If somebody ran an experiment with project managers, would the subjects tend to incorrectly process “inverse variables”. Well, somebody has done the experiment, and yes, many subjects exhibited the time-saving bias (the experimental scenario described in the appendix is a lot easier to understand than the one in the main body of the paper, which is a mess; Magne Jørgensen continues to be the only person doing interesting experiments in software estimation).

It has become common practice that, when a large percentage of subjects in a psychology experiment respond in ways that are inconsistent with a mathematical approach, the behavior is labelled as being a bias. I think the use of this terminology makes the behavior sound more interesting than it actually is; what’s wrong with saying that people make mistakes. Perhaps labelling experimental responses as being a bias makes it easier to get papers published.

Whether people are biased, or don’t pay enough attention, when solving non-trivial equations, what might be done about it?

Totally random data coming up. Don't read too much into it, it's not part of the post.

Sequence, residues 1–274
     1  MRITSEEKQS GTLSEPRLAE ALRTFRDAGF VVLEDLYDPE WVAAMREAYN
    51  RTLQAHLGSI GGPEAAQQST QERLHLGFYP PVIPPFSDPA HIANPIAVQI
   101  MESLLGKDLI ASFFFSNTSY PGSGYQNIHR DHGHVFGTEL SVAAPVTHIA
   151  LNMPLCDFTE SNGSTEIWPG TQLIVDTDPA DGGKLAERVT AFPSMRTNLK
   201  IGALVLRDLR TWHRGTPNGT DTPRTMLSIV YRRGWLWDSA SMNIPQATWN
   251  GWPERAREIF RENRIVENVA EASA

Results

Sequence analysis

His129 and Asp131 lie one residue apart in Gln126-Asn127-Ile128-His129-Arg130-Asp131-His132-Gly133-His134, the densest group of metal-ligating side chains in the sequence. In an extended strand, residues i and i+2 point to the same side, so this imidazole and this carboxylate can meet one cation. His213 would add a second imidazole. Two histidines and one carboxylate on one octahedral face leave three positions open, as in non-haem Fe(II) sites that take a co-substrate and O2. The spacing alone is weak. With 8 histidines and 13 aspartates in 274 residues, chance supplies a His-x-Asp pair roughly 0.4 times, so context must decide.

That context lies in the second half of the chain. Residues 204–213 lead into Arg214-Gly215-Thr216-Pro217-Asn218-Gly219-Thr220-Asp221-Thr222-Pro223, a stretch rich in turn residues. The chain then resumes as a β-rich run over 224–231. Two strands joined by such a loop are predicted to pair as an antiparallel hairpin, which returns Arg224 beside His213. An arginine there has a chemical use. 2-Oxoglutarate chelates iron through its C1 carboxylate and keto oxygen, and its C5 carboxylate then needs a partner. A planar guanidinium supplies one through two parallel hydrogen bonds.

This is not about whether any particular metric is a useful one, rather it is about calculating the right answer for whatever metric happens to be chosen.

Would an awareness campaign highlighting the problems people have with “inverse variables” be worthwhile? I don’t think so. Many people have problems with equations, and I don’t see why this case is more worthy of being highlighted than any other.

Am I missing something?

Psychology researchers are interested in figuring out the functioning of the brain/mind, so they are looking for patterns in the responses subjects give. Once someone has published a few papers on a research topic, they become invested in it. If they continue to get funding, the papers keep on coming. Sometimes a niche topic acquires a major following, and the work contributes to a major change of thinking about the mind, e.g., the Wason selection task helped increase the evidence that culture has an impact on cognitive behavior.